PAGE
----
And did they?
Did they fuck.
Two years later my display of monetary verve had resulted in depression, a minor alcohol problem, the meek sale of the cursed stock for less than half my outlay, and the ongoing vandalization of any public telephone I happen to spot. To this day Wall Street remains a faintly traumatic watch as it’s a reminder of my own lack of stock market nous. I’ll never be a financial whizz-kid, just like I’ll never make a woman meow in bed. Saying that, Gekko is still one of the all-time great villains.
“Please allow me to introduce myself, I’m a man of wealth and taste…” So sang a deceptively languid Jagger in Sympathy for the Devil and that sinister tune always pops into my head whenever Gekko’s on screen. He’s a potent mix of God, Mephistopheles, Dracula and Scarface so it’s no wonder Bud Fox (an excellent Charlie Sheen) looks shit scared before his long-anticipated meeting with the ruthless kingpin.
Wall Street does a great job of building Gekko up. We first learn he’s a money-making machine who had an ‘ethical bypass’ at birth. Next there’s a glimpse of his beaming face on the front cover of Fortune magazine before a snatch of his authoritative voice is heard as subordinates troop into his office.
Our first meeting doesn’t disappoint. Sporting topnotch threads and slicked back hair, Gekko paces his humongous office barking orders down the phone at his minions. This is a man who radiates power, a perpetually hungry wolf in an impeccable suit whose steely gaze is always weighing everything up and seeing what’s in it for him. His single-minded commitment to the greenback is nothing short of fanatical.
The ambitious but wet-behind-the-ears Bud can do little but sweat and blunder in front of him, offering one dud financial tip after another. He knows his chance of gaining a foothold in Gekko’s seemingly unattainable world is growing slimmer by the moment until Gekko delivers the key line, the one that sets everything in motion.
“Tell me something I don’t know,” he says, which not only underlines the man’s insatiable lust for information but happens to be code for sell your soul, pipsqueak.
Poor Bud can’t resist, offering up inside info on his father’s airline company. Soon Gekko has taken Bud under his leathery wing and is schooling him in the dark arts of fiscal maneuvering. He doesn’t value hard work or persistence; it’s all about pertinent info. “If you’re not inside, you are outside,” he tells his new protÃ©gÃ©. “I bet on sure things. Read Sun Tzu’s The Art of War. Every battle is won before it’s ever fought.” Gekko’s language is full of violence, littered with references to war, fighting and slaughter.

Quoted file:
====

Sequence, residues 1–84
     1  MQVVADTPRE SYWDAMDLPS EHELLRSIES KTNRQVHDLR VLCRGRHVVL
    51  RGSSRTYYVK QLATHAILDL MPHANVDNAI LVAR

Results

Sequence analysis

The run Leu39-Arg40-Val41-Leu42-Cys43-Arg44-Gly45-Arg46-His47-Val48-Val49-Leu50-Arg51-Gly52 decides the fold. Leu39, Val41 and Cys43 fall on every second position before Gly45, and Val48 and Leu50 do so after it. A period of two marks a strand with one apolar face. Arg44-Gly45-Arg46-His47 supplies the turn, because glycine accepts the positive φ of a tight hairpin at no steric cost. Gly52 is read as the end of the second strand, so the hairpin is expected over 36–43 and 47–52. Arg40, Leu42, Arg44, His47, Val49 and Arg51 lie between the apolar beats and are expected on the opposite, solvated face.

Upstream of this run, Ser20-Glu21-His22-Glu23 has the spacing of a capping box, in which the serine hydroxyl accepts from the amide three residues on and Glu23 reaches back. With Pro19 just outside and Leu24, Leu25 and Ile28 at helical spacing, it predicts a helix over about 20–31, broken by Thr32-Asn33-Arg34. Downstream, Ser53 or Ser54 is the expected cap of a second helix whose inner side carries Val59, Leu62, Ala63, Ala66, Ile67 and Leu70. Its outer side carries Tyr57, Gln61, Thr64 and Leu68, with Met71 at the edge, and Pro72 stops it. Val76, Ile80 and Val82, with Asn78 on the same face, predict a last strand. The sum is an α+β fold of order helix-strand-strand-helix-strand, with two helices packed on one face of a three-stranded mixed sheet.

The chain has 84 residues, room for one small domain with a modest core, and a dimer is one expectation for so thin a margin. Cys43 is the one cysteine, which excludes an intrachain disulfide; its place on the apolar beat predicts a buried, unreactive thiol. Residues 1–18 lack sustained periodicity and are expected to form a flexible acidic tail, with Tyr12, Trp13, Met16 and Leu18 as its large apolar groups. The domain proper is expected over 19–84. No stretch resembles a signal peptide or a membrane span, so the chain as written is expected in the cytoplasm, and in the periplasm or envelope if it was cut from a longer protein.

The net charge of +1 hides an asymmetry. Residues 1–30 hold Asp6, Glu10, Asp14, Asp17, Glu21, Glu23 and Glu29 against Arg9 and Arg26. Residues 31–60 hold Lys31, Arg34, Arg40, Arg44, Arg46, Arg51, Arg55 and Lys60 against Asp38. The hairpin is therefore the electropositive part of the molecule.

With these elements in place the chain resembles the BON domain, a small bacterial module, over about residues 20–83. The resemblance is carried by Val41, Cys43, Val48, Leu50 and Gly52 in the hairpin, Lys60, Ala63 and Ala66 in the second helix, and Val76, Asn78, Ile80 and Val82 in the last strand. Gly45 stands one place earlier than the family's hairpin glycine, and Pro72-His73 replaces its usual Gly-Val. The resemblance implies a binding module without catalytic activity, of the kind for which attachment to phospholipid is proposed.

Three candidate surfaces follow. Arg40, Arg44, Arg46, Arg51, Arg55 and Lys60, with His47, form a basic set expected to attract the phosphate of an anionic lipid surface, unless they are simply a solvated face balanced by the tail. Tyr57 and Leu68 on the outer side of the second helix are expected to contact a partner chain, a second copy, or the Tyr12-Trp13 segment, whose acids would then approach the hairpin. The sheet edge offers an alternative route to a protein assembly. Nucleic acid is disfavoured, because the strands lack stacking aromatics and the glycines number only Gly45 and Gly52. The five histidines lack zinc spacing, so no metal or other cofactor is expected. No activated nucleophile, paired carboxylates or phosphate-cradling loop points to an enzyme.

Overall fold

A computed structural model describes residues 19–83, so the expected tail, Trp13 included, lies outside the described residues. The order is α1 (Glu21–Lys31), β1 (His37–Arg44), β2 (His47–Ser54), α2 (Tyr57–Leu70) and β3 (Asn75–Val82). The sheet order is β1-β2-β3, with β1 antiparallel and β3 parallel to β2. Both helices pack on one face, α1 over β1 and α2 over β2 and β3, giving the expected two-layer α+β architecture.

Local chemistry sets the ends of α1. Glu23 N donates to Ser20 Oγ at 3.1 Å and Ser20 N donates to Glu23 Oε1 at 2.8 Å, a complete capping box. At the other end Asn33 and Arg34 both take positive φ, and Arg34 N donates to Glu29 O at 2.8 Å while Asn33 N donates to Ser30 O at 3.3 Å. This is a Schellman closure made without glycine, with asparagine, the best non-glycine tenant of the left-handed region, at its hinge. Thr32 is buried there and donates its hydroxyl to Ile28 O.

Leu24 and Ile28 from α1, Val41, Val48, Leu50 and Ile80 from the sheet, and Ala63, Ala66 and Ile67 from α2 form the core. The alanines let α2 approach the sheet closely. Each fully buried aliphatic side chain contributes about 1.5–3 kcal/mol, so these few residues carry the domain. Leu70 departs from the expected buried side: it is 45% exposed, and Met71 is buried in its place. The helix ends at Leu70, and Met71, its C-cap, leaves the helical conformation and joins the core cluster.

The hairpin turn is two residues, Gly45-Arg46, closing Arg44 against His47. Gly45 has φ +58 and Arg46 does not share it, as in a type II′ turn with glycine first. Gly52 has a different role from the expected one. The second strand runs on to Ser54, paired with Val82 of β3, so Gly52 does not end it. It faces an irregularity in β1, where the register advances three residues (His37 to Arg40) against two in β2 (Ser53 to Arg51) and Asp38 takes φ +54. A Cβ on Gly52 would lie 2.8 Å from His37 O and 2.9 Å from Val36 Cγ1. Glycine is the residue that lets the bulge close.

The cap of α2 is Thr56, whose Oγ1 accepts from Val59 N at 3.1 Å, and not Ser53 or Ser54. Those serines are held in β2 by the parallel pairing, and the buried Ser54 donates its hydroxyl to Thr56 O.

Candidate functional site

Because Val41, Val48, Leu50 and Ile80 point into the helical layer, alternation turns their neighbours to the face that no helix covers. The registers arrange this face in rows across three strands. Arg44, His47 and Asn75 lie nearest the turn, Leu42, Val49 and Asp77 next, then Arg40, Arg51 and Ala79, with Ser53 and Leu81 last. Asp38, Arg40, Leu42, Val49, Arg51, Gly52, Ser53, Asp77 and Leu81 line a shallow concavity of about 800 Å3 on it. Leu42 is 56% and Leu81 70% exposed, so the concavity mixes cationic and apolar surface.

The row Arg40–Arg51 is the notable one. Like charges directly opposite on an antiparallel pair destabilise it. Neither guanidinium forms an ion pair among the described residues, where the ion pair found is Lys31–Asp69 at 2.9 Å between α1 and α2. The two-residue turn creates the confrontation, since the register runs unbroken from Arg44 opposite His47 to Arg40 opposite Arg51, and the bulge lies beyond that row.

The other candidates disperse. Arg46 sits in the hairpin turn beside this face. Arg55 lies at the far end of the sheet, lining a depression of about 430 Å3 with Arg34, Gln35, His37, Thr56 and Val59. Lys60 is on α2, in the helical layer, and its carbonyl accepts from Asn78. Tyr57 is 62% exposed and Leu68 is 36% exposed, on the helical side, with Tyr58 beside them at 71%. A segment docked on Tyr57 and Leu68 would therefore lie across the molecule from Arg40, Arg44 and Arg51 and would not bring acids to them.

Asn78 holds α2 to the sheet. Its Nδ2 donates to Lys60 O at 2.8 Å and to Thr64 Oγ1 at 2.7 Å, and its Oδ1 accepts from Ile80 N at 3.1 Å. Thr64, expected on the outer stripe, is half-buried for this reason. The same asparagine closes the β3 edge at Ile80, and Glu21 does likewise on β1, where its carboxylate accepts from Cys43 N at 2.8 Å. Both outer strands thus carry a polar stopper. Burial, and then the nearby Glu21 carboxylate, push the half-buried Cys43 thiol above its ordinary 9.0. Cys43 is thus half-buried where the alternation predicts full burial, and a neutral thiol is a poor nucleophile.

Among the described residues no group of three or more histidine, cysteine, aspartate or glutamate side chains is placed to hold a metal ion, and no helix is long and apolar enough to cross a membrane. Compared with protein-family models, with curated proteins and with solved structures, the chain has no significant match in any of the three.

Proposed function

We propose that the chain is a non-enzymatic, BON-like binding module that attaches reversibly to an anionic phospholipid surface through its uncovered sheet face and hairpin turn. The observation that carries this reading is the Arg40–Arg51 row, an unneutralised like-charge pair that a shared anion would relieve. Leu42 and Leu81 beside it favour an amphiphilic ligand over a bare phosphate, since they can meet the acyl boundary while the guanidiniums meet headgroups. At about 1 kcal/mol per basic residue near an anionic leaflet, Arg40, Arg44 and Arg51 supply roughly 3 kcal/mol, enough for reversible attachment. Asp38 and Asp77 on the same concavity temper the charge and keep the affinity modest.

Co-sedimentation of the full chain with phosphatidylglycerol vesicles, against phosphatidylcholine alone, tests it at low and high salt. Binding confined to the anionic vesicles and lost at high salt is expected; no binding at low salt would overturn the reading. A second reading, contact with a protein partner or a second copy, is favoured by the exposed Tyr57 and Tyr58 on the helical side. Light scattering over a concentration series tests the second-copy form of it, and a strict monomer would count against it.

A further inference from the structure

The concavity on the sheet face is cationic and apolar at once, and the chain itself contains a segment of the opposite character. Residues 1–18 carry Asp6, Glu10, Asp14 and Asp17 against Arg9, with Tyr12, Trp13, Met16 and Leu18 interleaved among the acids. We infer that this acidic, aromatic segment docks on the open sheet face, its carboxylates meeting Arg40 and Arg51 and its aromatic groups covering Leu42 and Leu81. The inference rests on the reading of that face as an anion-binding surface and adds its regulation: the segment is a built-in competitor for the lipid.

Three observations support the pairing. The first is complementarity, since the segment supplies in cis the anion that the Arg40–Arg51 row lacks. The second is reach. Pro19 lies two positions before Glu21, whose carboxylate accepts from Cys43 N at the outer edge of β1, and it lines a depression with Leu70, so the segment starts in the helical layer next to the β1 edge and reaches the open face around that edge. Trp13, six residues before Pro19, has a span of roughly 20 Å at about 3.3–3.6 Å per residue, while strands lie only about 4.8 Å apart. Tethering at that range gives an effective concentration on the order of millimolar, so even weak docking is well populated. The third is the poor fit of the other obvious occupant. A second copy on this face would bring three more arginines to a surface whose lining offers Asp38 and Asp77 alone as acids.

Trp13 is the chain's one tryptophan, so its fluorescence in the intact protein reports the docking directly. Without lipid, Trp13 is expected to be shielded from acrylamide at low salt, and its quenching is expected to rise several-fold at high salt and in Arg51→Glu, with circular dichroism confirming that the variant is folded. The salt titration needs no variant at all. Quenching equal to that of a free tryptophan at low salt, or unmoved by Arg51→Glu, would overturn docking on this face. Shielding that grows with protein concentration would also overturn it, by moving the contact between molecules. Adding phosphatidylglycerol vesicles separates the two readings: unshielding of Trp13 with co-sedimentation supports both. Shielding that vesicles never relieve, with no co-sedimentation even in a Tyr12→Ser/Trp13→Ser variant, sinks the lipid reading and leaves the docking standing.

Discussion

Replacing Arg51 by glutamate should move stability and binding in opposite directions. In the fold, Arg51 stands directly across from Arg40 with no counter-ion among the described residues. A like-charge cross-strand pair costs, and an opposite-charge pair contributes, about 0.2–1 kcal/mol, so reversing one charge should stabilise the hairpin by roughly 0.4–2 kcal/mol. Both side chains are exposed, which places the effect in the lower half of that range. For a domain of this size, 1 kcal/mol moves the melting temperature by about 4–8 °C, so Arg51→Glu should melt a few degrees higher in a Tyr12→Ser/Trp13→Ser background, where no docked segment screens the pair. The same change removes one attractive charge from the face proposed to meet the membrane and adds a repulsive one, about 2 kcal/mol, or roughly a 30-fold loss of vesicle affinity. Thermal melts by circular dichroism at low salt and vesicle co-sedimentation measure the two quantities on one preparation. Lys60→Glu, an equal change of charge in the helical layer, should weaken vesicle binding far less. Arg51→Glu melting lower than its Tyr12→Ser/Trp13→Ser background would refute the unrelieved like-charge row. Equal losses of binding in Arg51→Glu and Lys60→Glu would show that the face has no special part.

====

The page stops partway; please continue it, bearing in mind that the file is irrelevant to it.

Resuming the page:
He’s also a two-faced liar, a relentless man who will pose as your friend in public and private while all the time sharpening his fangs to sink into your jugular. With his devilish grin, he loves stripping a company’s assets in the same way he enjoys pulling the clothes off a piece of top quality ass on his private jet. It’s all about conquest, you see, planting his flag on top of whatever’s wreckable.
Not that he can’t defend his corner.
“I am not a destroyer of companies,” he publicly tells the shareholders of a company he’s about to destroy. “I am a liberator of them. Greed, for lack of a better word, is good. Greed is right. Greed works. Greed clarifies, cuts through, and captures the essence of evolutionary spirit. Greed, in all of its forms, greed for life, for money, for love, for knowledge has marked the upward surge of mankind.”
Bud is bewitched, hopelessly corrupted by his shiny new baubles and unable to see that a driven, obsessive man like Gekko is actually ill. Maybe he might understand if he were privy to some of Gekko’s more nefarious remarks. How about this doozy to Bud’s high-class new girlfriend, a woman he’s long had under his duplicitous control: “You and I are the same. We’re smart enough not to buy into the longest myth running: Love. A fiction created by people to stop them jumping out of windows.”
Oh God, isn’t Gekko great? He’s got all the answers, except to the one question at the root of it all: How much is enough?